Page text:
One of the biggest companies to make use of the tools has been Google, which has ported its popular Picasa picture organizer and Google Earth satellite mapping service. "I installed them just for fun on my desktop," says Cherry, "and then I scrounged through my directory structure, and saw that the Portland tools had been installed. Google just grabbed the tools off the site and used them." Cherry says that the next step is to make the tools available through Linux distributions-so that they are readily at hand. That's already beginning to happen, he says, and as it does, Linux desktop development will get a little saner.

Sidebar: A Linux Desktop Progress Report from OSDL's John Cherry

As the OSDL's SDL's initiative manager for the Linux desktop, John Cherry has a good view of the operating system's client-side progress. Cherry is a realist, with no illusions that Linux is going to seriously challenge Windows on the desktop in the foreseeable future. Indeed he is careful not even to compare the relative advantages of the two. Even so, he does argue that Linux is moving steadily forward.

"I do think that we're going to slowly get more and more marquis applications ported to Linux, including Google applications, which are prime," he says. "I think we'll see more in the lines of Adobe products at some point. We're going to reach a threshold where users are going to say: 'this is really good, I can do most of what I want with a Linux desktop that I can do with a Windows desktop. There are so many advantages to going the Linux route that there's going to be a kind of avalanche threshold where it's just going to take off. Where and when is that going to happen? I'm not going to go there."

What's your measure of success?
I know that Linux gets market penetration when it has applications for that particular market. So we have started to focus on markets where the application threshold is pretty low. If you look at point-of-sales terminals and kiosks, and other fixed-function applications like airline reservation systems, those areas have incredible market penetration. Most of the users of those systems don't even know they are running Linux.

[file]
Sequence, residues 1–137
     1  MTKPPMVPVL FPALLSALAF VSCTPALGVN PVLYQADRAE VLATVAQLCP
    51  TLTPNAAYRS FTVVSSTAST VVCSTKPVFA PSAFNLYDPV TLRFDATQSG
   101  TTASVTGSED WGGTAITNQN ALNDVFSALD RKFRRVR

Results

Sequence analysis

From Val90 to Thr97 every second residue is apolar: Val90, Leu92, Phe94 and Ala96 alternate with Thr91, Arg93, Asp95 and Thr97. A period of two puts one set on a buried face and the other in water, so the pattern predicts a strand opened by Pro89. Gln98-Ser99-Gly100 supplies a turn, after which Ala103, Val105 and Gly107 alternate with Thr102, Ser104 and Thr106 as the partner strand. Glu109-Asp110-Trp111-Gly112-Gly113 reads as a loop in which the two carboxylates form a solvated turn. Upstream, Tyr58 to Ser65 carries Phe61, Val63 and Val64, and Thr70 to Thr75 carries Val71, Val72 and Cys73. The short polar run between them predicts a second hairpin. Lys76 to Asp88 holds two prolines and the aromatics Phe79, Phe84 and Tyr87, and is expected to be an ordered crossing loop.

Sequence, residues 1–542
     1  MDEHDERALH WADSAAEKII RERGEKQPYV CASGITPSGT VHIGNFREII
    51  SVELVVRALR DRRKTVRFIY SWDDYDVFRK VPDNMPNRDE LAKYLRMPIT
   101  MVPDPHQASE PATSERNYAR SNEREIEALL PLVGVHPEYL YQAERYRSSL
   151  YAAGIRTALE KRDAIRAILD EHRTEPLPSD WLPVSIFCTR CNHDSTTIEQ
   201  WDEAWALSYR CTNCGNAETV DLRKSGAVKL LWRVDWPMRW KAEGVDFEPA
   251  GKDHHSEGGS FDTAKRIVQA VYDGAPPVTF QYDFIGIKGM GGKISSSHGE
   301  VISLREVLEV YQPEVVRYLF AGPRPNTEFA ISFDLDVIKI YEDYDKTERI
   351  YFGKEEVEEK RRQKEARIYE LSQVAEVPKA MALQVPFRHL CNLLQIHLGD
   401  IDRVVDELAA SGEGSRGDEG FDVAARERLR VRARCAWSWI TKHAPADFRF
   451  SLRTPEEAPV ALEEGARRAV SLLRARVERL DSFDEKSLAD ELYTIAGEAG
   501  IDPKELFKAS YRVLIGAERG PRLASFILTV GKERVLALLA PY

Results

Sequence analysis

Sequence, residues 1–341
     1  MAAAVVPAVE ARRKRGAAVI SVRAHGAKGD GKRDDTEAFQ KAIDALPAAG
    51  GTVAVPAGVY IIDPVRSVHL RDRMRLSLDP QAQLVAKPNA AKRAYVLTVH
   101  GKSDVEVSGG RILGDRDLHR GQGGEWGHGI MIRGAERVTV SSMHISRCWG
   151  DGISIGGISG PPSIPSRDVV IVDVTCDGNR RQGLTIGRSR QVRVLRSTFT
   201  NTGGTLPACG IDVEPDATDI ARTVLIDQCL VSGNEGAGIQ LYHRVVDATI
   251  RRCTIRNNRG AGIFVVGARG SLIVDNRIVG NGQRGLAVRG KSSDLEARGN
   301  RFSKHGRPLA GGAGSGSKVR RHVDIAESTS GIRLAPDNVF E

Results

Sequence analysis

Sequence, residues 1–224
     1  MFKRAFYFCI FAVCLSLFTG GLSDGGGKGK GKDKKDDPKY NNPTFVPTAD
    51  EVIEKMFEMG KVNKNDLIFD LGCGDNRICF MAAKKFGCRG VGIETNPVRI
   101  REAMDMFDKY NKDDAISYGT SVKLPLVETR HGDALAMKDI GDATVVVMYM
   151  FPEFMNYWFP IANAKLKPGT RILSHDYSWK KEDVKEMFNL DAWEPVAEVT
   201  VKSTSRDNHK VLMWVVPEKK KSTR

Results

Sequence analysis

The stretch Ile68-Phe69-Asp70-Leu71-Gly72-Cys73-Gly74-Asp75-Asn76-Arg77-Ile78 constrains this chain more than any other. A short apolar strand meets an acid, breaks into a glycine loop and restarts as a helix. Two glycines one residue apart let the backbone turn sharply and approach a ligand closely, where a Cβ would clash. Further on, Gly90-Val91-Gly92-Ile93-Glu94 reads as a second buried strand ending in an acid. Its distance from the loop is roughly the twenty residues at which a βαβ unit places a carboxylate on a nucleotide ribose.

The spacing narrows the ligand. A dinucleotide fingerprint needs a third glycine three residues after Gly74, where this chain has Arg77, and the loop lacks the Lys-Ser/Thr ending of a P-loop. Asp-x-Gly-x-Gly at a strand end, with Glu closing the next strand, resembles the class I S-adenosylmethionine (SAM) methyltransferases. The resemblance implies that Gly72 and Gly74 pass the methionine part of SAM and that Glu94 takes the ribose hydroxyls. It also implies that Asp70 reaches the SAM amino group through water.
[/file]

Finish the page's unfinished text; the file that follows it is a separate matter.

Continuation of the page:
It sounds like Linux has taken "the low hanging fruit" in terms of market. Will that continue?
Yes. We've made good inroads in enterprise desktop for what we call the knowledge worker. These are computer users who just need email accessibility, browser capabilities, and a basic office suite. That's happening. There are a number of open source mailers including Evolution and Thunderbird. OpenOffice is becoming more and more usable and consistent with Microsoft Office. Beyond the basics, last we counted, there were over 35,000 Linux-compatible consumer applications that consumers used. That's how you get to the threshold of broad Linux acceptance.
Is lower cost the driving force?
That's most of it. But there's also a lot of freedom you get with open source solutions as well. For instance, with Linux, you aren't dependent on the vendor that sold you the product for support. If you like, you can change distribution vendors to get a support program better tailored to your needs.
Do you see Microsoft's Vista as an incentive or a disincentive for moving to Linux?
Officially I don't want to consider Microsoft. Our stand is that that we don't want to go head to head with them: they have such an application advantage. That said, there is a window of opportunity with Vista delayed, especially in the enterprise. Those who are evaluating the next move are going to have to seriously consider alternatives.
What about countries who have said they are only going to be open source? That had an effect on the server market for Linux. Has it also affected the desktop?
It's starting to. In China, there are a couple of government agencies that are working on procurement criteria for desktop environments, and, as of now, they're specifying open source. When you evaluate world markets, the emerging markets like China, Korea, and India are prime targets not just for the knowledge worker, but also for the fully productive office worker.
What does Portland Project add to that mix? Is it a major catalyst or a minor one?
I think it's going to be a pretty good one. The key here is applications, applications, applications. The more applications, the higher up that chain you can go. You start with fixed function and kiosk applications and aim for full consumer support. The more applications that are ported to Linux, the better.